OMG the lake! What can I say and where do I start?
The crown jewel in Guatemala is Lake Atitlan. It’s been described as the most beautiful lake in the world, and it does not disappoint!
Lake Atitlan is a caldera that was created when a super-volcano exploded 84,000 years ago. It was so huge that volcanic ashes were found from Florida to Ecuador making it the deepest lake in Central America.
The light changes every minute on the lake and it it truly remarkable to watch. That is why you will see that it looks different in each photo, and I guarantee you will take a lot of photos!!!
But, I digress, so Let's start back at the beginning....
Friday Oct 21 - Day 3
Sat Oct 22 - Day 4
(this is a long post w/lots of pics as I am combining 2 days together)
Panajachel located three hours from Guatemala City and 2.5 hours from Antigua is considered the gateway to Lake Atitlan. Panajachel sits on the northeast shore of the Lake and is the transport hub for the whole area, you can literally travel anywhere from Panajachel (everyone in Guatemala calls it “Pana“).
I mentioned the chicken buses before. We saw tons of them on the road because that is the primary mode of transportation for many people. However, unfortunately, bus drivers have been shot at by extortionist demanding their “protection fee” from bus’ owners. Or a pack of robbers will board the bus and demand everyone give up their valuables. Rare, but it happens. So I suggest NOT taking the chicken bus. Not worth it to save a few bucks.
We opted for the comfy, air conditioned, shared shuttle above. It picked us up at our hotel in La Antigua and dropped us at the door of our hotel in Lake Atitlan. Cost $20/per person.
We arrived at our hotel at about noon. Our room was ready. We put our bags down and headed into Pana to explore.
Above is one of the cottages on the beautiful grounds of our hotel. We met the owner of the hotel and I think this is where she lives.
The hotel has a Tuk Tuk on the premises (a Tuk Tuk is a mechanized three-wheeled taxi used for transport) so we paid our Q 10 ea and off we went. Guatemala uses the Quetzal Q 10 = $1.33 US
(See video below for the Tuk Tuk ride - I left the sound on and did not adjust the video so you can experience the thrill of the ride - bumps and all)
, is the most common entry to the wonders of Lake Atitlán, and is a mishmash of tradition and business, its Calle Santander harboring colorful textiles, restaurants. The locals are mostly Mayan and many speak both their native language of Kak’chiqel and Spanish. Many tourists never venture past this point and it is truly a shame.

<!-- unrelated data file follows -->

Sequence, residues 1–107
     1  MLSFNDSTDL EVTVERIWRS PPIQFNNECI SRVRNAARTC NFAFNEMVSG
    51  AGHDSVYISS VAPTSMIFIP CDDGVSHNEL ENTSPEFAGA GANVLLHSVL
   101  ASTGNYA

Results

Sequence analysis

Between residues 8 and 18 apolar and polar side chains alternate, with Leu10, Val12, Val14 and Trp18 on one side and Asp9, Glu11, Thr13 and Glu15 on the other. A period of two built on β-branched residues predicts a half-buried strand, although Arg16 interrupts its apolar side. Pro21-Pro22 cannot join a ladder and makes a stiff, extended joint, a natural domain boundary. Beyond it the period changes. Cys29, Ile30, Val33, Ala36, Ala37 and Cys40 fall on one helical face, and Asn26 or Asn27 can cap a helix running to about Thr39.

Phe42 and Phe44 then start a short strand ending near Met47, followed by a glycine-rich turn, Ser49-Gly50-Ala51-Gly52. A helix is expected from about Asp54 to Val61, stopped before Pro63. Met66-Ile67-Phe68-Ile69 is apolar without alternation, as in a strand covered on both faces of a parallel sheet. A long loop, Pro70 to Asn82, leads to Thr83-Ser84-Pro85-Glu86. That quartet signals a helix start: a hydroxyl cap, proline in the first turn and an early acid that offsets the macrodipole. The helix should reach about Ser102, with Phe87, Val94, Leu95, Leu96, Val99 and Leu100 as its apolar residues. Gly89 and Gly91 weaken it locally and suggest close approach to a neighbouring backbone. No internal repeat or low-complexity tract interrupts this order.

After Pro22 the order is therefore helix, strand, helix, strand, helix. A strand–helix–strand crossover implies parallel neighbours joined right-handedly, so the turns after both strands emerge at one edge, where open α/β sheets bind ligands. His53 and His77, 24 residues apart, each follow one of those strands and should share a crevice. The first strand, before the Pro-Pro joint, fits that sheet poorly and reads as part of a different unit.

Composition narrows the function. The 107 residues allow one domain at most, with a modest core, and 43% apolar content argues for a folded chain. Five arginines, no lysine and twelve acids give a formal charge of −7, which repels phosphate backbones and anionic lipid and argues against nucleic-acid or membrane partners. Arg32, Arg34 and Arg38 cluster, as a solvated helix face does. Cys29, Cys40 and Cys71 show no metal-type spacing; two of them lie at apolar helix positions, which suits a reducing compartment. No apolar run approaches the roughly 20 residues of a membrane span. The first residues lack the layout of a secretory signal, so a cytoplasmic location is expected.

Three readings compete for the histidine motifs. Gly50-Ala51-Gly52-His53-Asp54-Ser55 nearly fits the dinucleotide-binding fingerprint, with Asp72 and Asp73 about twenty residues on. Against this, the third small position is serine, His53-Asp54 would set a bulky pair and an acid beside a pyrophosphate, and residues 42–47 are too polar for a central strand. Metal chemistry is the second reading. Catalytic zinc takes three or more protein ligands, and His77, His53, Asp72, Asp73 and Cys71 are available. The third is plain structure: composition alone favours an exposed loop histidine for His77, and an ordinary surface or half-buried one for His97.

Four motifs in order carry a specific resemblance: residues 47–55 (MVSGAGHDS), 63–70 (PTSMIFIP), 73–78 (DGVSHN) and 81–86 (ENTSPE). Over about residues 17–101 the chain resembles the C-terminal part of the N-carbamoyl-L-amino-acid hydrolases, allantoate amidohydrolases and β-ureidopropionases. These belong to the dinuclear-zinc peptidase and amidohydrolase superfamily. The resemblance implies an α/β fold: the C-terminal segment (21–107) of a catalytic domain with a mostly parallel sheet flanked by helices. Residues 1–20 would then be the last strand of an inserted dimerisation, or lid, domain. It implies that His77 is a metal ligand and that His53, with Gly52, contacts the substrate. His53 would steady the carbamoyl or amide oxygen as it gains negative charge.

Daily life in Pana
On Saturday we decided to catch a lancha to one of the villages. We had plans for Sat night (a resturant/bar opening - more on that in a later post) and a tour already scheduled for Sunday.
Around Lake Atitlan are a myriad of small villages (about 12 of them): Santa Catarina Palopo, San Antonio Palopo, San Lucas Toliman, Santiago Atitlan, San Pedro La Laguna, San Juan La Laguna, San Pablo La Laguna, San Marcos La Laguna, Santa Cruz La Laguna. Most of them accessible only by boat.
They not only have unique characteristics but also cater to different types of travelers. Today we are headed to the holistic haven of San Marcos La Laguna. San Marcos is a beautiful and very quiet, peaceful village - perhaps due to the many holistic practices. Lots of yoga, meditation and vegetarian cuisine. Lavanson thoroughly enjoyed himself! Many new-agers and hippies live here.
Small Boat Taxi used on Lake Atitlán
The Lake Atitlan Boat Schedule is not an official boat schedule, however, the lanchas typically depart and arrive every 20-30 minutes from the public docks. For most of the islands we went to the fare was Q10 (or about $1.33). Locals pay slightly less, as tourism is what supports the local economy.
You may have to wait for the boat to fill up before it departs. If you are impatient or crave privacy you can take a "no waiting required" private launch. It can be rented for between Q 150-200 to travel directly from Pana.
It can be a very bumpy and jarring ride, especially in the afternoon when the wind, which has its own name (Xocomil of the Kaqchickel language meaning "the wind that carried away sin"). picks up and the waters get mighty choppy. (this is what we experienced on our ride to San Marcos. You can check it out in the video below.
The lancha for the most part, is safe, though cramped and often crowded.
San Marcos La Laguna
Home again as the sun begins to set
and finally....Here's the video
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